Oxford vaccine reaches 2-billion-dose milestone

Today, as AstraZeneca reports 2 billion doses of the COVID-19 vaccine released for supply, University of Oxford scientists explain how it has been possible to produce so much of the vaccine in less than a year, and the unprecedented strategy used to improve international equity of access.,

Oxford vaccine reaches 2-billion-dose milestone
Development and scale-up of fed-batch process. (a) Small-scale USP productivity of ChAdOx1 luciferase, ChAdOx1 LassaGP, and ChAdOx2 GFP with BalanCD medium/feed (infected at 4 x 106 cells/ml, MOI = 10) as compared with our previously established conditions in CD293 medium (infected at 1 x 106 cells/ml, MOI = 3) (Fedosyuk et al., 2019). ChAdOx1-luciferase infections were performed in a 3 L bioreactor. The other two viruses were produced in 30 ml volume in shake flasks. Results shown are the median and range of qPCR results from technical duplicate samples from a single reactor for ChAdOx1-luciferase, and from triplicate flasks for the other viruses. (b) Cell-specific productivity of ChAdOx1 nCoV-19 in shake flasks at 30 ml working volume at MOI = 3 (red) and MOI = 10 (black). For each condition, the peak volumetric productivity from the timecourse data shown in Figures S1b,c was converted to a cell-specific productivity by division by the cell density at infection. (c) and (d) Examples of 50 and 200 L batches with high MOI fed-batch upstream process. (c) Cell growth (solid lines) and viability (dashed lines). (d) Drug substance (DS) quality following purification. MOI, multiplicity of infection; qPCR, quantitative polymerase chain reaction; USP, upstream process. Credit: DOI: 10.1002/bit.27945

Today, as AstraZeneca reports 2 billion doses of the COVID-19 vaccine released for supply, University of Oxford scientists explain how it has been possible to produce so much of the vaccine in less than a year, and the unprecedented strategy used to improve international equity of access.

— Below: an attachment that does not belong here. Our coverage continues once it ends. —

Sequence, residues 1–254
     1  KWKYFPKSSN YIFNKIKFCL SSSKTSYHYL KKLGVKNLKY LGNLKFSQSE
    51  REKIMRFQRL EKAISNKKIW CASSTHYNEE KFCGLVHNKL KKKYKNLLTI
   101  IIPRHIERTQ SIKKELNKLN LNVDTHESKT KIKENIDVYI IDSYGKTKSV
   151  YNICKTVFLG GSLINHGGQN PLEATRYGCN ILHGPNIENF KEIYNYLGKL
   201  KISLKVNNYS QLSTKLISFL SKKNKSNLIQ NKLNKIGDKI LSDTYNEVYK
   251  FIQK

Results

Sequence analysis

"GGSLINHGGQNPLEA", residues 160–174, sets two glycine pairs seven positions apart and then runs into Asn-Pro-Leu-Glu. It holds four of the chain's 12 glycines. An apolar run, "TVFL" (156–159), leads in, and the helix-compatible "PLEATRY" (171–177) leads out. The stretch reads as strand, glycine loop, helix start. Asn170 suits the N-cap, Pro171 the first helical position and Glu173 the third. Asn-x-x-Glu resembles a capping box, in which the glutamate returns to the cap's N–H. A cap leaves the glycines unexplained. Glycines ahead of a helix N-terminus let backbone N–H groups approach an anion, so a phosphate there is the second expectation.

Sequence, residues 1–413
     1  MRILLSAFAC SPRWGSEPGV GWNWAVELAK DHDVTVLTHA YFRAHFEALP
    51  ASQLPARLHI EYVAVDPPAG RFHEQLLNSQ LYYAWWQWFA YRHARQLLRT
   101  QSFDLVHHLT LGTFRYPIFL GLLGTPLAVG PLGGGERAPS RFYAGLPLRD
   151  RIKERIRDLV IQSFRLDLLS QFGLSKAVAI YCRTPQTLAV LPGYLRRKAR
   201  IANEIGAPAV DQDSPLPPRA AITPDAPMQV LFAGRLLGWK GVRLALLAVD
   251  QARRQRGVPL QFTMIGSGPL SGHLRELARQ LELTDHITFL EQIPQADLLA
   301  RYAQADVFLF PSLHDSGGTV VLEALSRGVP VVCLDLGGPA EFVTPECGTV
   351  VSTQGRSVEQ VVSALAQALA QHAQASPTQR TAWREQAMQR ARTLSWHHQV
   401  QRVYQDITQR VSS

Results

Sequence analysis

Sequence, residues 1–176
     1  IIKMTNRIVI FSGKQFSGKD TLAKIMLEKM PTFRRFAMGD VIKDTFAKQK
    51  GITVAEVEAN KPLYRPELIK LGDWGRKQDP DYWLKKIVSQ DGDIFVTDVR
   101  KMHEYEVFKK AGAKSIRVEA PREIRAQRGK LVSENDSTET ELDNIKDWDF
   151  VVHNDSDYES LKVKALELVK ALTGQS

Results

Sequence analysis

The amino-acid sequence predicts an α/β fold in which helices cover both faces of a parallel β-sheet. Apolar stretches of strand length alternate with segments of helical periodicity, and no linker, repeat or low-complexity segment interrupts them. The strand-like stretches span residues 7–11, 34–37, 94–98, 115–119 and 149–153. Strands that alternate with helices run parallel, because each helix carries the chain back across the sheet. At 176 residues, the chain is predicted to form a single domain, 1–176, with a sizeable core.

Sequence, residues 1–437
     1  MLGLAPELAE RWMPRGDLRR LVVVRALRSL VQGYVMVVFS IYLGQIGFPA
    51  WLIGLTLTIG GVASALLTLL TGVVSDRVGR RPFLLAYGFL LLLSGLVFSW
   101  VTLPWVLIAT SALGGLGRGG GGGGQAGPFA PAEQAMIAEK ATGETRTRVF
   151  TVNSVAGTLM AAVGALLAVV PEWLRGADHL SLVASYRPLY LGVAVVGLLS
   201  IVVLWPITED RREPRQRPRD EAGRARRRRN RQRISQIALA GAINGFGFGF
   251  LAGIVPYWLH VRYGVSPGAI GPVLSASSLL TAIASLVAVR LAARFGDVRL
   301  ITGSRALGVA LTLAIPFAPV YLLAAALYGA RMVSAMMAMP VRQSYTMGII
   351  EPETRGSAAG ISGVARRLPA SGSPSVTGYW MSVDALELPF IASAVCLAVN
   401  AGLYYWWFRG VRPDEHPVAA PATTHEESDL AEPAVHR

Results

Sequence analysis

Despite its extensive experience of vaccine development, the University had never manufactured more than a few thousand doses of any single vaccine until 2020. A new paper, published in collaboration with AstraZeneca in Biotechnology and Bioengineering, tells the story of how a key discovery just before the start of the pandemic unlocked the possibility of large-scale .

Dr. Sandy Douglas, the leader of the team which made the discovery, said: “When the pandemic began we were deeply concerned we’d have no way of getting this vaccine out of the University labs and into the real world. The answer came in three steps.

“We immediately took the second step, which was to persuade manufacturers with suitable factories in the UK, Europe, India and China to start preparing to make the vaccine, even before it had been given to the first volunteer in the clinical trial. We were worried that would be at the back of the queue for COVID vaccines, so we developed a plan to ‘franchise’ the manufacturing to many sites around the world. With a franchised product, huge amounts are made to the same recipe in many countries. That is standard in many industries, but it had never been tried before for a brand-new vaccine.

“The third vital step was the University’s partnership with AstraZeneca in May 2020. It was critical for us to have a partner which had the resources to ramp up manufacturing at an industrial scale and share our priority of global equitable access. AstraZeneca’s willingness to do that has been fantastic.”